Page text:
Interleukin-5 (IL-5) regulates the growth and function of eosinophils. It induces rapid tyrosine phosphorylation of Lyn and Jak2 tyrosine kinases. The role of tyrosine phosphatases in IL-5 signal transduction has not been investigated. In this study, we provide first evidence that SH2 protein tyrosine phosphatase 2 (SHPTP2) phosphotyrosine phosphatase plays a key role in prevention of eosinophil death by IL-5. We found that IL-5 produced a rapid activation and tyrosine phosphorylation of SHPTP2 within 1 min. The tyrosine phosphorylated SHPTP2 was complexed with the adapter protein Grb2 in IL-5–stimulated eosinophils. Furthermore, SHPTP2 appeared to physically associate with β common (βc) chain of the IL-5 receptor (IL-5βcR). The association of SHPTP2 with IL-5βcR was reconstituted using a synthetic phosphotyrosine-containing peptide, βc 605–624, encompassing tyrosine (Y)612. The binding to the phosphotyrosine-containing peptide increased the phosphatase activity of SHPTP2, whereas the same peptide with the phosphorylated Y612→ F mutation did not activate SHPTP2. Only SHPTP2 antisense oligonucleotides, but not sense SHPTP2, could inhibit tyrosine phosphorylation of microtubule-associated protein kinase, and reverse the eosinophil survival advantage provided by IL-5. Therefore, we conclude that the physical association of SHPTP2 with the phosphorylated βc receptor and Grb2 and its early activation are required for the coupling of the receptor to the Ras signaling pathway and for prevention of eosinophil death by IL-5.
Eosinophils play an integral role in the pathogenesis of allergic and parasitic disorders (1). IL-5 is a cytokine that primarily promotes the differentiation of eosinophils from the stem cells and stimulates the survival and function of mature eosinophils (2). This diverse effect of IL-5 on eosinophils has been proposed as the key mechanism for the development of blood and tissue eosinophilia in the course of allergic inflammation.
IL-5R is a member of the hematopoietic receptor superfamily and is composed of a ligand-specific α subunit and shared with IL-3 and GM-CSF β common (βc) subunit (3). Although neither of the receptor subunits contain a kinase-like catalytic domain, IL-5 does induce a rapid and reversible tyrosine phosphorylation of various cellular proteins (4). Recent findings indicate that for IL-5R type, the binding of the ligand results in the activation of cytoplasmic tyrosine kinases of the Jak/Tyk and Src type families (5, 6). Indeed, we have shown that the stimulation of eosinophils with IL-5 results in phosphorylation and activation of the receptor-bound Lyn and Jak2 kinases. The consequence of activation of these tyrosine kinases is the propagation of signal through the ras-raf-1-MEK-MAP (MAP, microtubule-associated protein, MEK, MAP or Erk kinase) kinase pathway and the Jak-STAT pathway. These observations clearly support a major role of protein tyrosine phosphorylation in IL-5–mediated signaling.
Little is known about the function of protein tyrosine phosphatases (PTPs)1 in the signaling process initiated by the receptors of the cytokine receptor superfamily. The PTP Src homology (SH)PTP2, recently designated Src homology 2 phosphatase 2 (SHP2) and also called PTP1D or Syp, is one member of a small family of Src homology 2 (SH2) domain–containing PTPs, which also includes Corkscrew (Csw) and PTP-1C (also called SH-PTP1 or HCP) (7, 8). SHPTP2 contains two SH2 domains and a single catalytic domain. This phosphatase is ubiquitously expressed and found to be tyrosine phosphorylated and activated in response to erythropoietin, platelet-derived growth factor (PDGF), prolactin, IL-3, and GM-CSF (9–12). Upon specific stimulation, SHPTP2 binds to the receptor for PDGF and Epo. Once phosphorylated on tyrosine, SHPTP2 generates a binding site for the adapter protein, Grb2, which in turn may lead to activation of the Ras-signaling pathway (13, 14). Although it has been postulated that PTPs function as the negative regulators of the signal generated by protein tyrosine kinases, several recent studies show that the inactivation of SHPTP2 leads to a decrease in mitogenesis in response to epidermal growth factor, PDGF, and insulin, indicating that this phosphatase may, in some instances, act as a positive signal transmitter (11, 15, 16).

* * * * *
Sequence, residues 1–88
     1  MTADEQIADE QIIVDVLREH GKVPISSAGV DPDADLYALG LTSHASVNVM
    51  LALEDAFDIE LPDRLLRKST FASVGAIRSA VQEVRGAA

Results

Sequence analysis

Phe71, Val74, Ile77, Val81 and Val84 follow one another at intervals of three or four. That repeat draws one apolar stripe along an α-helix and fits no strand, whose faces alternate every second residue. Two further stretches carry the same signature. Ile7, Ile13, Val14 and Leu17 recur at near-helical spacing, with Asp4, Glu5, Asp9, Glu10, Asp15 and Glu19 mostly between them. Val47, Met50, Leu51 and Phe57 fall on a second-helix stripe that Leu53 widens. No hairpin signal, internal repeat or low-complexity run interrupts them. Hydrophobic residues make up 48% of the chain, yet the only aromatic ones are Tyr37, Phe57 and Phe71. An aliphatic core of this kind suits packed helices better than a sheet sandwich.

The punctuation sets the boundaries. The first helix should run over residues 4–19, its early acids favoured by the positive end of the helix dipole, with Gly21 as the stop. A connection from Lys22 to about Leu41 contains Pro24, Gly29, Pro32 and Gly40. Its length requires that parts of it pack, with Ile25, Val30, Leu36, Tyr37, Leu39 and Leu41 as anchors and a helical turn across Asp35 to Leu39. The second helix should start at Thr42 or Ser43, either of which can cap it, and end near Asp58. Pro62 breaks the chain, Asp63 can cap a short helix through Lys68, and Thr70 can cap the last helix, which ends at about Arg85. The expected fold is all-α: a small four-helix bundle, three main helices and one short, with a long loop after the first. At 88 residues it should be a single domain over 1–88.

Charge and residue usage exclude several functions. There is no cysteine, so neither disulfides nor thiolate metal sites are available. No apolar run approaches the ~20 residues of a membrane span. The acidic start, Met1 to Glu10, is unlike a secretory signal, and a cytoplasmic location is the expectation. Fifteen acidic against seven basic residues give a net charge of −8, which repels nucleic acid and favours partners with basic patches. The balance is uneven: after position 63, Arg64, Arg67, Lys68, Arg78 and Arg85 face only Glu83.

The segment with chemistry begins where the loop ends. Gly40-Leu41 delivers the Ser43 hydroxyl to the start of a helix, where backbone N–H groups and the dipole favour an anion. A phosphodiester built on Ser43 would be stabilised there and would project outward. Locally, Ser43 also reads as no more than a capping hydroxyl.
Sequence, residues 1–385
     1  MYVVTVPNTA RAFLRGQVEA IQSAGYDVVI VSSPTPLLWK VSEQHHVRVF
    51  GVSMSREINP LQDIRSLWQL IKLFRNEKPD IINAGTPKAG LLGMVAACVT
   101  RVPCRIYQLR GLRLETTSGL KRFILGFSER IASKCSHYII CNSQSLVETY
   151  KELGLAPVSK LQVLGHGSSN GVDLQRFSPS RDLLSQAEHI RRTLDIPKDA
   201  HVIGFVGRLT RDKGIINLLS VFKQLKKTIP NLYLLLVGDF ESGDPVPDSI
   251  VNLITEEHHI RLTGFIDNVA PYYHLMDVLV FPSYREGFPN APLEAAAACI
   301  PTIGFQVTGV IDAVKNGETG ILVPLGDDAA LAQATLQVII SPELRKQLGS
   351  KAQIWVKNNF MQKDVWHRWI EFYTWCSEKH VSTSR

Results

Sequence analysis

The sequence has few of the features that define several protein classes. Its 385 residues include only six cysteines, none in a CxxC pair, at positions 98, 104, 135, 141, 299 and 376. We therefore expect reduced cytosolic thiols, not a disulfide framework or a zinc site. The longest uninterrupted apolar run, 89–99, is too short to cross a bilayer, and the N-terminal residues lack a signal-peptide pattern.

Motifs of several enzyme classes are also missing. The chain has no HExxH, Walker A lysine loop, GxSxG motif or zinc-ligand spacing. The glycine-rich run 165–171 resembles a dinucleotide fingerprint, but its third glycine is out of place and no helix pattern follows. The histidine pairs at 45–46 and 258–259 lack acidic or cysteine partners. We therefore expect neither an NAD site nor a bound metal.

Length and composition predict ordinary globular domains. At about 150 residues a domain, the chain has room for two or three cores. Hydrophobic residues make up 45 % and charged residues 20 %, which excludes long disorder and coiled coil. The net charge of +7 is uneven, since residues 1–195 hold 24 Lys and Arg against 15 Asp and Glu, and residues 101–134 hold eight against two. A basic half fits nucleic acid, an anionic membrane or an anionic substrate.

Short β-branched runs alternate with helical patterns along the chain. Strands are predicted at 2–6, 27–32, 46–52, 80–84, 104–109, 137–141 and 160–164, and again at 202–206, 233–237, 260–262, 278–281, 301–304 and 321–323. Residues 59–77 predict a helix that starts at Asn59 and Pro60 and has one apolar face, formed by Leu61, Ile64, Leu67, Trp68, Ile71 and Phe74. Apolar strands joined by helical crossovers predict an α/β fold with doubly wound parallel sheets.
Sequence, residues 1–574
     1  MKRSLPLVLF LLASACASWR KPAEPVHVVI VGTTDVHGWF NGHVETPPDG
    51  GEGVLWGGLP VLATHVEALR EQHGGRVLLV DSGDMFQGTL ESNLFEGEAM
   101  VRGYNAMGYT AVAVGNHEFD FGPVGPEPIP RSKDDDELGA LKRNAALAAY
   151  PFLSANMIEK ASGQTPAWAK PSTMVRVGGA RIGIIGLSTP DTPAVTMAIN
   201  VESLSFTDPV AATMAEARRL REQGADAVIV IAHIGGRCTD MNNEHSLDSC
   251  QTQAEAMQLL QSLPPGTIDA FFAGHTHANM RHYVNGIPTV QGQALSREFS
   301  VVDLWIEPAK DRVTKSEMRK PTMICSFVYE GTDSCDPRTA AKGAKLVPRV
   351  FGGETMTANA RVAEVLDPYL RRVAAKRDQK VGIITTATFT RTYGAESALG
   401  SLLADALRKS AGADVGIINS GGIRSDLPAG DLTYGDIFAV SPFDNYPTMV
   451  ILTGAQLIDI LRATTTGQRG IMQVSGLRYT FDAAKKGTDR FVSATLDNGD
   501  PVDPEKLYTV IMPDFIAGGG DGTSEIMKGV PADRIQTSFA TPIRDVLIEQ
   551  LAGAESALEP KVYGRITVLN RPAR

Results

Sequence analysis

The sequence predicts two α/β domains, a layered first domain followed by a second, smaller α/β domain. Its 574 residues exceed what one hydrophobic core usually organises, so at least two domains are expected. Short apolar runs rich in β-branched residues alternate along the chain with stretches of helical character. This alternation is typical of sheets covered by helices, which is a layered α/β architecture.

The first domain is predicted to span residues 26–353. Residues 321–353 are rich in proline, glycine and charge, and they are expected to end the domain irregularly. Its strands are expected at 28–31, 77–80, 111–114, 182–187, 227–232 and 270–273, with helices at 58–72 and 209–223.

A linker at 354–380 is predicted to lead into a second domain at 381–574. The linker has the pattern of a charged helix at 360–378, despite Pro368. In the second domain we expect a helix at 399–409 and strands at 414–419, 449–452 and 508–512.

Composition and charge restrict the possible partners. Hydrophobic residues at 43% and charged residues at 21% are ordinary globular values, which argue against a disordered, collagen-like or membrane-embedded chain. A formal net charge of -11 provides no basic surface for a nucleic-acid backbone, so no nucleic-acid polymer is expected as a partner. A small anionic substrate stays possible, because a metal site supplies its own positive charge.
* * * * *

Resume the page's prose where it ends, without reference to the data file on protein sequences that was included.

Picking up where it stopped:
The role of SHPTP2 in the IL-5 signal transduction in eosinophils has not been investigated. In this study we investigated the phosphorylation state, association with other proteins, and catalytic activity of this phosphatase after triggering of the IL-5R. Furthermore, using specific antisense oligodeoxynucleotides, we investigated the role of SHPTP2 in IL-5–mediated prolongation of eosinophil survival.
Materials And Methods
Percoll was purchased from Pharmacia, Inc. (Piscataway, NJ). The mAb against antiphosphotyrosine (clone 4G10) was obtained from Upstate Biotechnology Inc. (Lake Placid, NY). Rabbit polyclonal anti-SHPTP2, anti-Grb2, anti-Erk 2, and monoclonal anti–IL-5βR antibodies were obtained from Santa Cruz Biotechnology (Santa Cruz, CA). Enhanced chemiluminescence detection system was purchased from Amersham Corp. (Arlington Heights, IL).